I can work from anywhere. With the technology available to me, I’ve worked from a forest, the back of a conference room in the Philippines, (as I’m doing now) a Taxi, and a beach in Phuket. I’ve closed deals and produced quality content while waiting to board a plane, on a Metro North Railroad, or while being driven down the King Fhad Causeway, hoping my Visa is still accurate.

I’ve also closed deals and/or generated sellable content at nightclubs, in bars, or while running through Central Park at 11:30am on a Tuesday. (And gotten arrested for running through Central Park at 4:45am on a Thursday.) I’ve taken calls while taxiing down the runway while in the plane out of which I’ll skydive from nine minutes later. I’ve gone on TV to talk about the 2016 political campaign with 27 minutes notice, stopping in a Nordstrom to buy a button down shirt and jacket, because I was wearing a t-shirt at the time, and it was soaked with sweat after a run. With logic suggesting that I’ll be placed at a desk where the camera won’t see the lower half of my body, I walked in to the newsroom in a button-down shirt, blazer, Nike shorts, and Brooks sneakers. I washed my face in the bathroom, they applied foundation and pancake makeup two minutes to air, and 15 seconds before we came back from commercial, a production assistant ran on set to pull off the tag from the sleeve of my jacket. The interview went flawlessly.

Best part? One of my greatest accomplishments is that I have NEVER, EVER missed an email, or not replied to a text. I’ve never had a colleague tell me that I missed a meeting with them, or wasn’t focused during it. In fact, 90% of the time, I don’t tell people where I am, and they naturally assume I’m in an office, at a desk. Good. That’s what they should be thinking!

But before you tell me to fornicate myself as you read this from your desk, know that it’s not anywhere near as free-and-clear as it might seem. With this freedom, comes the inevitable other side of the coin. And this flip-side is for my friends who shout “do some work” in all caps in the window of a tweet.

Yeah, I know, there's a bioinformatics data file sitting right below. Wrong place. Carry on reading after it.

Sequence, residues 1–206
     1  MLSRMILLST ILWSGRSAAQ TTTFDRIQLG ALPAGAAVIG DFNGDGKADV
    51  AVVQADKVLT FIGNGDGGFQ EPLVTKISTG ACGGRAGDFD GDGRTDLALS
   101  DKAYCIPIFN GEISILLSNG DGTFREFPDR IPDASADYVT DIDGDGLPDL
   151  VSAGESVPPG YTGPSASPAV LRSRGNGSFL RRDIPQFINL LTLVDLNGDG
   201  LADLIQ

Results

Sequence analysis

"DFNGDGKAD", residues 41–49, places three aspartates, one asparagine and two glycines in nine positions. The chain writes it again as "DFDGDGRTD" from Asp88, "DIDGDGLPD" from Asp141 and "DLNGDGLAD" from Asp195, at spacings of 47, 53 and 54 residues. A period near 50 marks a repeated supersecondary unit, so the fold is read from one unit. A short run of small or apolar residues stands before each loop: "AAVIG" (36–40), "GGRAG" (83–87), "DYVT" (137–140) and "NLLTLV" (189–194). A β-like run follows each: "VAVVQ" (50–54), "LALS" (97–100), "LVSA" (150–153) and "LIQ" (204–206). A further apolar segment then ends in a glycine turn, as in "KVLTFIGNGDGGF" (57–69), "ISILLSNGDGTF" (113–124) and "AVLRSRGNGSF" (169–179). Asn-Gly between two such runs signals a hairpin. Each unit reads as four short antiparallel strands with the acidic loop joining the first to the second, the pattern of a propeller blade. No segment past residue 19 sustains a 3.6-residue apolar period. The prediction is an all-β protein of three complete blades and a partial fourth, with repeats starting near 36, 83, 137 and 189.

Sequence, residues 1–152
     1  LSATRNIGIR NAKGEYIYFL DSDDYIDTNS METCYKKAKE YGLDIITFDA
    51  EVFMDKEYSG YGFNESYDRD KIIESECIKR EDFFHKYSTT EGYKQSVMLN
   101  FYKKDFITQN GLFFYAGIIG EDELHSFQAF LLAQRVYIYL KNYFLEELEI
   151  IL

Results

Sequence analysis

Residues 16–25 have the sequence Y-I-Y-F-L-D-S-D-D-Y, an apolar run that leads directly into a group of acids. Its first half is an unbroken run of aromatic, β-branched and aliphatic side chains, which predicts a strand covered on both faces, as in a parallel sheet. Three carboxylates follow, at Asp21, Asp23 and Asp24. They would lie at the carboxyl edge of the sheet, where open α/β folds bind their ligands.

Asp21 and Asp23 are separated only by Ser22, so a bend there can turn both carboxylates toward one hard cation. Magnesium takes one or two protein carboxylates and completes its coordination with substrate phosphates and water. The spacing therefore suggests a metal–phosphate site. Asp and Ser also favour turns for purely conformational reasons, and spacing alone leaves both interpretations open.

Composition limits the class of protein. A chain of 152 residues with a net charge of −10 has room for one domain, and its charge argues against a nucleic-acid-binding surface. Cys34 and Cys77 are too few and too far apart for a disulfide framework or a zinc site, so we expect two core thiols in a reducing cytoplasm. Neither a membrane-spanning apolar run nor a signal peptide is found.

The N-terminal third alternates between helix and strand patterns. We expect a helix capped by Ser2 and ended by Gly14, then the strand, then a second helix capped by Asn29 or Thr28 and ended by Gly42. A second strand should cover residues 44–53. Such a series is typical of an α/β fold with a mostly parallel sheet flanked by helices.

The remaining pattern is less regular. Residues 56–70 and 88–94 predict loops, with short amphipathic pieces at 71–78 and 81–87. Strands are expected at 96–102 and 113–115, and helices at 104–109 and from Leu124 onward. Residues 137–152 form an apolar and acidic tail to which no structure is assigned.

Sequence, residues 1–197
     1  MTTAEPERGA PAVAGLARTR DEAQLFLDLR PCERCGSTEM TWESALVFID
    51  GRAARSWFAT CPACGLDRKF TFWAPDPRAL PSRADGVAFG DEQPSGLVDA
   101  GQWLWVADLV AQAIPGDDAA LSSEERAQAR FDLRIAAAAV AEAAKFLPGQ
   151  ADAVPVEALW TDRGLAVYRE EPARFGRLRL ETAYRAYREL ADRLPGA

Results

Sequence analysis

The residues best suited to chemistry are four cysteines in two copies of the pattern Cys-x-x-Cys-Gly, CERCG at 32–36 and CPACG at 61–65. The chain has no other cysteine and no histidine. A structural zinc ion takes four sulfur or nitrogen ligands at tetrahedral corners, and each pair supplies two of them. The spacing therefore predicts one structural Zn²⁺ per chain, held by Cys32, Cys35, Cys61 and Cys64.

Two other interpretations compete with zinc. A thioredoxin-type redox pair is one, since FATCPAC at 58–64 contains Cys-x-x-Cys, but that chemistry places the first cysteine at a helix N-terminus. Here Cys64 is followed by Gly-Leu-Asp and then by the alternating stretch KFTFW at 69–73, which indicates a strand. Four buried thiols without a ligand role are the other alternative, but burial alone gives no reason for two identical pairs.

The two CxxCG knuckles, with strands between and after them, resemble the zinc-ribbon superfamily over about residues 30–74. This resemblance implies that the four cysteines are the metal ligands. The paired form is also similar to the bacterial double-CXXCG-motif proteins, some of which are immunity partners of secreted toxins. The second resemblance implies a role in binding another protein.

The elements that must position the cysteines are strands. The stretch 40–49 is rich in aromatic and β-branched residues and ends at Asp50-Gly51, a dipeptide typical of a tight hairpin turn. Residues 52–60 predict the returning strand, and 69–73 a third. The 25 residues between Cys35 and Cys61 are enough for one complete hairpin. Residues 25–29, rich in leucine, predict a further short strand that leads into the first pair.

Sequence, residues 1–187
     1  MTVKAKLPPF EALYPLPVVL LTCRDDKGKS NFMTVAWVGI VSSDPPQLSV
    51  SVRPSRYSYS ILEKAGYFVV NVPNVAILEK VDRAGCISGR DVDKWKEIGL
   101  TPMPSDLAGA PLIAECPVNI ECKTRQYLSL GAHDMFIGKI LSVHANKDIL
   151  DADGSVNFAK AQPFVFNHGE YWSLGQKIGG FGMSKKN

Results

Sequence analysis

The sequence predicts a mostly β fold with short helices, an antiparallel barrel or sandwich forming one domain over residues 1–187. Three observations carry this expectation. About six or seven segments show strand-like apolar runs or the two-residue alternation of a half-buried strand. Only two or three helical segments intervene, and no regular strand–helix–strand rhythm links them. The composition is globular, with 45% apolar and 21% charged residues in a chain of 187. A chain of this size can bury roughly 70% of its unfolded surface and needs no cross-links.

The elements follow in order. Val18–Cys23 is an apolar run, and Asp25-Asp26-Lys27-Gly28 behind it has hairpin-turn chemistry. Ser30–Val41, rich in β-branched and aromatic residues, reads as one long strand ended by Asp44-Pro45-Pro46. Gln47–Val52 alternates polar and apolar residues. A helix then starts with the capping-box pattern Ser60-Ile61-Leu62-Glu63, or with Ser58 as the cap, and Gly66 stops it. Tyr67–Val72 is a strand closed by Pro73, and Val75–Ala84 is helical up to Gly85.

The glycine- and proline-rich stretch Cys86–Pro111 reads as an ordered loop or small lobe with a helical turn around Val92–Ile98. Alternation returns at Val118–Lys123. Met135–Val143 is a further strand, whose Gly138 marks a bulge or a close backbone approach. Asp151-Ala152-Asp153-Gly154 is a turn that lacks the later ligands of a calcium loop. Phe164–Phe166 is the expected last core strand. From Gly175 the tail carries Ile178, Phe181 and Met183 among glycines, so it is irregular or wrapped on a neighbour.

Sure, I might try and tack on a half-day of skydiving or a few hours of beach time after a business trip before flying home, but the last time I took an honest-to-G-d vacation, without a laptop or cell phone? July of 2012. Last time you did? Probably a few months ago, if not sooner. Every year, my friend Cheryl heads to Fiji, or the Galapagos Islands, or Brazil, or Portugal for a week after the NYC Marathon. My friend David scoops his family up for a week at Disney, completely off the grid the entire time.

While I try to explore at least one new place every time I travel, the concept of “off the grid” is virtually foreign to me. My family has never seen me take a true “vacation.” I never know where the next deal, book, speaking opportunity, or the like is going to come from, or who’s going to present it. My plane seat-mate? Not this trip, but my 29-hour return trip starts in two days. At the supermarket? Always carry a business card or two, just keep a few in every pocket, you never know. At a step-cousin’s Bar Mitzvah? Why not. It’s happened. Watching the Mets? Who knows what the guy next to me does for a living when he’s not trash-talking the Pirates?

Absolutely no reason you can’t do this, too. No reason at all.

Remember the scene in Beverly Hills Cop II, (I doubt you would, normal people wouldn’t, it’s just how my brain works) where Eddie Murphy, undercover, says to the guy with the fake credit cards, “If you can’t handle this, I’ll just go to someone else. I’m a bizness man. I’m doin’ bizness. I’m makin’ moves. I’m movin’!” He’s snapping all around, moving in a million different directions to make his point. That’s how I live — Spinning ten plates at any given time — and thoroughly enjoying it! And that’s the key — when you enjoy what you do, it’s never work. That’s why the part about not going off the grid or taking a vacation isn’t a plea for sympathy — quite the opposite, it’s saying “hey, the way I work is awesome, and you can have it too, but to get it, can you handle doing things a lot differently than what you’re used to?”